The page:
Tuesday, February 25, 2020

American Dirt by Jeanine Cummins

I've taken awhile to write a review of this novel, hoping the hubbub would die down and people would read it first without being influenced by the controversy surrounding the book. Everyone who had read the advanced copies of the novel commented on how powerful yet painful the book is, so I was eager to hear Cummings read at Parnassus Books the week the book was launched, and I was just as eager to read her novel.

Jeanine Cummins pulls in readers from the opening pages, when her two main characters, a young boy Luca and his mother Lydia in Acapulco are able to hide and survive a mass killing of 16 members of their family at a birthday cookout, obviously the work of members of a notorious drug cartel. The hit is undoubtedly a response to an expose of the particular cartel, Los Jardinieres, written by Lydia's journalist husband Sebastian.

Immediately after their escape, aware that many of the local law enforcement officers are in the pocket of the cartel, Lydia takes Luca and flees toward the U. S. border. What follows is a heart-pounding, gut-wrenching, bone-weary journey, as Lydia and Luca join others making that same route. Along the way, they are shadowed by a young man bearing a tattoo marking him as a member of the Los Jardinieres who has killed. While he tells her he is leaving to escape that life, his tendency to keep appearing leaves her more than wary.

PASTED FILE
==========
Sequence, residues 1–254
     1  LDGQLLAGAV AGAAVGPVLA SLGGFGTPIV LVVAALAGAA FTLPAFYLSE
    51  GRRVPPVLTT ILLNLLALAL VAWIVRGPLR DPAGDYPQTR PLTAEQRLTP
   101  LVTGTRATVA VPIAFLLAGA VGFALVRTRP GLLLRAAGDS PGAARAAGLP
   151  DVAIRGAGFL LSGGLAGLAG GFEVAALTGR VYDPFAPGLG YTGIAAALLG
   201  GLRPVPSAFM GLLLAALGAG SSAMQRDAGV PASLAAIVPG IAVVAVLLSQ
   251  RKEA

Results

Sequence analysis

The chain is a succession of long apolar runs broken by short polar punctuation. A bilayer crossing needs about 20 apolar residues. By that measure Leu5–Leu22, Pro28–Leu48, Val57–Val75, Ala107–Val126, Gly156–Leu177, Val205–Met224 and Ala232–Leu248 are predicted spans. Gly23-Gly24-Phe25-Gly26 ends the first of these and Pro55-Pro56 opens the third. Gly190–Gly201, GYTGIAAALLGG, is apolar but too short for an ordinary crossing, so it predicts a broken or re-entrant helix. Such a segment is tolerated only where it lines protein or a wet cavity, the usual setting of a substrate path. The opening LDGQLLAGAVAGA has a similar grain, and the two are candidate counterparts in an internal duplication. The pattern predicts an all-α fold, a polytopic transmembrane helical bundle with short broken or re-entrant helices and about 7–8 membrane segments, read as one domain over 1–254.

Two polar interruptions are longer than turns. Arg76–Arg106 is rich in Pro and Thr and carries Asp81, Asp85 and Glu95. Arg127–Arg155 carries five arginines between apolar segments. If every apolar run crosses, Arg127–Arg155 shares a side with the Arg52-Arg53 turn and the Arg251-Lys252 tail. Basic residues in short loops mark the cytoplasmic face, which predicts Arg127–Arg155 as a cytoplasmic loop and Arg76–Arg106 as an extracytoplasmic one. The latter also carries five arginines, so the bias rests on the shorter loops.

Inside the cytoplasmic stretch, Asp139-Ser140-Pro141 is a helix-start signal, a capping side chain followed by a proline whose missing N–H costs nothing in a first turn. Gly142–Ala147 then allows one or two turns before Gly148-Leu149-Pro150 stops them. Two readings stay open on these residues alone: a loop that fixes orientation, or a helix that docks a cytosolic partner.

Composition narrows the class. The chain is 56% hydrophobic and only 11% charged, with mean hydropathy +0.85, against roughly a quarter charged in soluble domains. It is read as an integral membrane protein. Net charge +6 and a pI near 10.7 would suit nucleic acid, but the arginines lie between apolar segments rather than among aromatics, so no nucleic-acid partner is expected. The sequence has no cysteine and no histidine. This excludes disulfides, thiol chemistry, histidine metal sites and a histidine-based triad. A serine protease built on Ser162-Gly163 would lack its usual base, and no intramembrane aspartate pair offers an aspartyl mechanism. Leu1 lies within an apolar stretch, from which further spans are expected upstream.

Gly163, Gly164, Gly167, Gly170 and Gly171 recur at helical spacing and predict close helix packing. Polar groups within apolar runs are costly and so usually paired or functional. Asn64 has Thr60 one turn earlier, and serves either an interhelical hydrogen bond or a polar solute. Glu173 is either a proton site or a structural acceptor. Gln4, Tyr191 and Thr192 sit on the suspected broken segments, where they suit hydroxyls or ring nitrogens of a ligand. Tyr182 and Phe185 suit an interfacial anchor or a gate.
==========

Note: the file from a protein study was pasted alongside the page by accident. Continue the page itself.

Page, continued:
Two of the most sympathetic characters they encounter are young sisters, one of them strikingly beautiful, who have fled to escape a controlling relationship in which the elder sister became entangled that now threatens to control the younger sister too. They are able to show the mother and son the ropes as they slip onto trains bound north, and they become more like family to Luca and Lydia.

Ignoring the inflammatory buzz about the book, I will say that American Dirt has the power to engage readers with neutral or negative attitudes about immigrants heading to the border. Certainly she shows the characters they encounter as individuals as varied as any one would expect to meet under such circumstances. In some towns, they find themselves fed and cared for, and in others, they have to lie low, avoiding any attention that might connect them to Javier, the cartel leader.

I'm wondering if Atticus Finch would fault Cummins with attempting, after much research, to portray as human beings characters that are often wrongly stereotyped.

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